There are two basic types of radon mitigation systems: Level 1 and Level 2. Level 1 systems use a pipe that extends through the wall or roof and terminates outdoors. Both systems use pipes that need to be properly sealed to ensure the lowest radon concentrations possible. Level 2 systems use a pipe that runs through the walls and ceilings and terminates outside. Both types use plumbers’ strapping, which is usually installed every seven or eight feet in horizontal or vertical runs. Installation is not recommended in garages, closets, or other areas where pipes might be exposed to dust or debris. Find Out – radon reduction system | LifetimRadon
What is the difference between active and passive radon mitigation system?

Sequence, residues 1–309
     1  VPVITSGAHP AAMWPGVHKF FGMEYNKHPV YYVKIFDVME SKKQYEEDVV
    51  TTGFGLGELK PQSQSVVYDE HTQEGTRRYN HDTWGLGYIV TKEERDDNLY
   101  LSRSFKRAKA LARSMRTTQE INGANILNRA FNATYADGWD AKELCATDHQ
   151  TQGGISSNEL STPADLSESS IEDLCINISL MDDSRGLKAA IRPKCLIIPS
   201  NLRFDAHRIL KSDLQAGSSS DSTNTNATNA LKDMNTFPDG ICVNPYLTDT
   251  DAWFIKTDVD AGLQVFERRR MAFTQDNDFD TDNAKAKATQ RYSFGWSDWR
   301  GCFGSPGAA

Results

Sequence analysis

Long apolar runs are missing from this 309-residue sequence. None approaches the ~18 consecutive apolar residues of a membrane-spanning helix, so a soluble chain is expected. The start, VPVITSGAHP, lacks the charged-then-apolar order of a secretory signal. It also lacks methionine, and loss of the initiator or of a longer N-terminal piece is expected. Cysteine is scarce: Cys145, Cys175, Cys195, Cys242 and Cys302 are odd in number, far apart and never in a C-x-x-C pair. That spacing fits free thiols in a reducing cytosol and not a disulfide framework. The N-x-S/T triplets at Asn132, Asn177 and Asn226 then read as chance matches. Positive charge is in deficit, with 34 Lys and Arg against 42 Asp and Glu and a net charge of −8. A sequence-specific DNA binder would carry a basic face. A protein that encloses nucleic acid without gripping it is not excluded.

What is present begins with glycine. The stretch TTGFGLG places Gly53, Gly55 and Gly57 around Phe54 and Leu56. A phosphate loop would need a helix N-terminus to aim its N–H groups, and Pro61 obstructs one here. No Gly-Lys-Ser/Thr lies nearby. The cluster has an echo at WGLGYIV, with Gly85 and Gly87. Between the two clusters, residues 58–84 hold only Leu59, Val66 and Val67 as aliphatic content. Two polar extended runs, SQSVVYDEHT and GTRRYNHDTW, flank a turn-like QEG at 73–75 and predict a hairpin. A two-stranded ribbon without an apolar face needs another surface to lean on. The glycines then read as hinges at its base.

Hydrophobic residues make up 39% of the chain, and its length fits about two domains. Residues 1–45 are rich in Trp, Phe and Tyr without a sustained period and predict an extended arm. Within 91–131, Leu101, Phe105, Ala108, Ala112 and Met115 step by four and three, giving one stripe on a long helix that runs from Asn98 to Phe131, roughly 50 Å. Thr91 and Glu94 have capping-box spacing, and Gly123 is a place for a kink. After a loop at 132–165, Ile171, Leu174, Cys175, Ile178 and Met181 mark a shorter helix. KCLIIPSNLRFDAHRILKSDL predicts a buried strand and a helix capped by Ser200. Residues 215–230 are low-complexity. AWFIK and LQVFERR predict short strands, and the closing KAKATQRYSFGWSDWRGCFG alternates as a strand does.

A good radon reduction system will include diagnostic testing and a warning device. The warning device will notify the homeowner if there are any problems with the system. It will also provide a guarantee of at least four pCi/L radon levels. This is a very important feature.
While sealing foundation cracks is an important part of many radon reduction systems, it is not the best method. Studies have shown that sealing alone is not effective enough and can increase radon levels. Moreover, it’s difficult to completely seal radon entry points. Additionally, the settling of a home opens new, old routes for radon.
The installation of a radon reduction system will depend on the type of your house. There are three basic types: basement, slab-on-grade, and crawlspace. Some houses use more than one of these foundation designs, which will require a combination of radon mitigation techniques.